Tied Knowledge: Power in Higher Education

First published in 1998 on the web at http://www.bmartin.cc/pubs/98tk/

Brian Martin


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Tied Knowledge is a book designed to provide a practical conceptual framework for understanding the dynamics of higher education. Using examples primarily from Australia, Britain and the United States, it examines power structures both outside and inside academia and how they interact and shape knowledge. These structures include hierarchy, disciplines, patriarchy, the state, capitalism and professions. Academia as a system of power itself both resists and accommodates these other power systems. The key resource used by the academics to promote their interests is the power to create and legitimate knowledge. By its form and content, this knowledge is tied to both the interests of academics and to those of powerful groups in society.

The book is neither pro nor anti-academia. Instead, it focusses on the structural factors shaping academic behaviour so that initiatives can strengthen and broaden the positive features of academia while trying to overcome the negative features. A key portion of the book is an examination and assessment of the main strategies that have been used to reform or challenge the nature and uses of academic power.

Full text in pdf, designed for printing

Print from front to back, double-sided, then fold it over like a booklet. Depending on your printer, you may need to invert every other page. Thanks to Dana Williams for preparing this version.



1 Introduction Motivation of the study. Summary of arguments. Personal background.

2 Academics Tied knowledge as a strategy for academics, and the many consequences of this for the nature of academia. Academic 'reforms'.

3 Hierarchy The internal power structure of academia. The consequences of academic hierarchy and competition. The external and internal beneficiaries of academic hierarchy. The Spautz case. Age discrimination. Challenges.

4 Disciplines The social construction of knowledge and knowledge boundaries. Specialisation. Academic power struggles. Interdisciplinary studies. Marxism.

5 Patriarchy Patriarchy as a social institution. The expression of patriarchy in academia. Challenges and alternatives.

6 The subjugation of students Sources of staff power. Alternatives.

7 Beliefs Standard academic beliefs about academia: individualism, neutrality, privilege and status quo.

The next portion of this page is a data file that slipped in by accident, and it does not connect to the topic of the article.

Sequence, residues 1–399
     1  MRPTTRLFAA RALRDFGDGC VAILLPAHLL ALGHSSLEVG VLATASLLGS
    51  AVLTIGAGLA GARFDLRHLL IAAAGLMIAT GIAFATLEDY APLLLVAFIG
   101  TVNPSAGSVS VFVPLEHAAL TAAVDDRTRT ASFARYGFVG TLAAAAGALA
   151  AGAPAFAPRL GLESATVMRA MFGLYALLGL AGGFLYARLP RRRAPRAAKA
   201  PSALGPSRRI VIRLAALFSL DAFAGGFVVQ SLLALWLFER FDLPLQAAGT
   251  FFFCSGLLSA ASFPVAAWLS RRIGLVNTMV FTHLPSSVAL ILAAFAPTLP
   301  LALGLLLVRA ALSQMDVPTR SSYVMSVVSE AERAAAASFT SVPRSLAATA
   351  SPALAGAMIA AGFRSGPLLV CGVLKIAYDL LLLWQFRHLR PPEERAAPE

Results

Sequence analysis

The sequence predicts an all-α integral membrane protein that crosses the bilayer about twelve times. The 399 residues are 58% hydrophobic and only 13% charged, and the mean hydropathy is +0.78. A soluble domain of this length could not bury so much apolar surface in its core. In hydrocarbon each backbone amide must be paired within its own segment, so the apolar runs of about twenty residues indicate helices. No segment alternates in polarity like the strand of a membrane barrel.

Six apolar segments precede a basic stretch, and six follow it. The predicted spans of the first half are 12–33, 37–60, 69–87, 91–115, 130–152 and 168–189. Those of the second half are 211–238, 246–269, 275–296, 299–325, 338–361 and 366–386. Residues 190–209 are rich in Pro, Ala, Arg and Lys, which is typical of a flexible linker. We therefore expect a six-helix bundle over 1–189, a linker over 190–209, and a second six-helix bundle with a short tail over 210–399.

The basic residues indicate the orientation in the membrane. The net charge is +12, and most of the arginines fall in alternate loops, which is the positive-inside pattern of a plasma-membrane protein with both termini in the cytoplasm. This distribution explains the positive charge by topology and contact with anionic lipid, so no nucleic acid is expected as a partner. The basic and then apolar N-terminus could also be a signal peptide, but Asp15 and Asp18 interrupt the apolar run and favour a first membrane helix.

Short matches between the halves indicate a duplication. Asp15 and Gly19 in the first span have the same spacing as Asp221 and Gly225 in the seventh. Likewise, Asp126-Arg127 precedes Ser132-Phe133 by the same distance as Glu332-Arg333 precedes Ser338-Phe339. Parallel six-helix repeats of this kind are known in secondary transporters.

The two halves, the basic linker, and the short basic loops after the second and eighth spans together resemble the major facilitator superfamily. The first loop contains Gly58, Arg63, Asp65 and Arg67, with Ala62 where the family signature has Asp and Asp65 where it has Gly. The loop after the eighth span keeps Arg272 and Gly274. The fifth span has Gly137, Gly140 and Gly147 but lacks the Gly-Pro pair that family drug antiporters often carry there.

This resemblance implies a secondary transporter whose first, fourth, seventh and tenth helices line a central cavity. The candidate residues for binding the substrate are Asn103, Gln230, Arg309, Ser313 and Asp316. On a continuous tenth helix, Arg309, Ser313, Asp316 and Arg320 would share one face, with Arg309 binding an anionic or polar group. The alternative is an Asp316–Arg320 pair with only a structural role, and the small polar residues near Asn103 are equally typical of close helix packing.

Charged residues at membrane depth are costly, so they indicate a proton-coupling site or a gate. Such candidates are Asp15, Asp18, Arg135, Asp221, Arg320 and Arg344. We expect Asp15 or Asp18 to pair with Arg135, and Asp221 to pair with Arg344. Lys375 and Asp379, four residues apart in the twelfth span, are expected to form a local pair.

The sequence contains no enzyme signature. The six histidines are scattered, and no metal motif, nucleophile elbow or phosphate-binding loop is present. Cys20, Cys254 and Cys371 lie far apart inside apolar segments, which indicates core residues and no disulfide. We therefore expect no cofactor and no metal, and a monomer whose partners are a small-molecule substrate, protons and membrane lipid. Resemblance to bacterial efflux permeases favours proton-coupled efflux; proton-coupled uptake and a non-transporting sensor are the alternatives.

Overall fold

8 The state The state takeover of higher education. The state as mediator of influences on universities. Specific uses of academic knowledge by the state. Academic adaptation to state funding. Trends influencing state-higher education relations. Alternatives to state funding.

9 Capitalism Capitalist influence on staffing, research, teaching and ideas. The limited impact of capitalist influence. The Ollman case.

10 Professions The nature of professions, and their links to other powerful groups. The case of nuclear knowledge. Alternatives to professional power.

11 Towards democracy? Problems with higher education. Self-management. The potential role of students, staff and outside groups.

12 Policy changes Examination of strategies for change via internal representation and via pressuring elites. Equal employment opportunity.

13 Critical teaching and research Examination of strategies for change via changing the content or form of teaching, and research. Staff and student initiatives.

14 Building alternatives Building alternative education outside existing organisations. Examples. Limitations.

15 Social movements The potential for retying knowledge by linking educational efforts with social movements.

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Over the years, I have gained insights about academia through discussions and correspondence from so many people that it is impossible to name them all. In addition, it is impossible to name all the authors whose writings have stimulated my thinking and increased my understanding about higher education. Suffice it to say that academic culture sustains a significant self-critical element on which I have drawn extensively.

Here I will name only those individuals who have provided specific help and advice in the writing of this book. The following people helped through extensive discussions of their views about aspects of higher education or providing advice and references: Alex Anderson, David Biggins, John Buchanan, Jean Buckley-Moran, Clare Burton, Jane Connors, Alastair Crombie, Cheryl Hannah, Ann Hone, Andrew Hopkins, Katherine Jensen, Ian Lowe, Simon Marginson, Jill Matthews, Elizabeth McKenzie, Val Plumwood, Larry Saha, Ariel Salleh, Marian Sawer, Ian Watson and Lance Worrall. Jill Bowling helped enormously by listening to me describe the outline of each chapter before writing it, and by offering numerous helpful suggestions. Valuable comments and corrections on selected chapters were offered by Gay Baldwin, Jeff Masson, Bertell Ollman, Mike Spautz and Barbara Watson. Detailed comments on the entire manuscript were provided by Phil Anderson, Gabriele Bammer, Jill Bowling, Clyde Manwell, Helen Modra and Wendy Varney. Barbara Ferigo put an enormous effort into converting the text from one computer system to another.

To the very many others not named here who have provided insights, inspiration and support in all sorts of ways, I also say: thank you.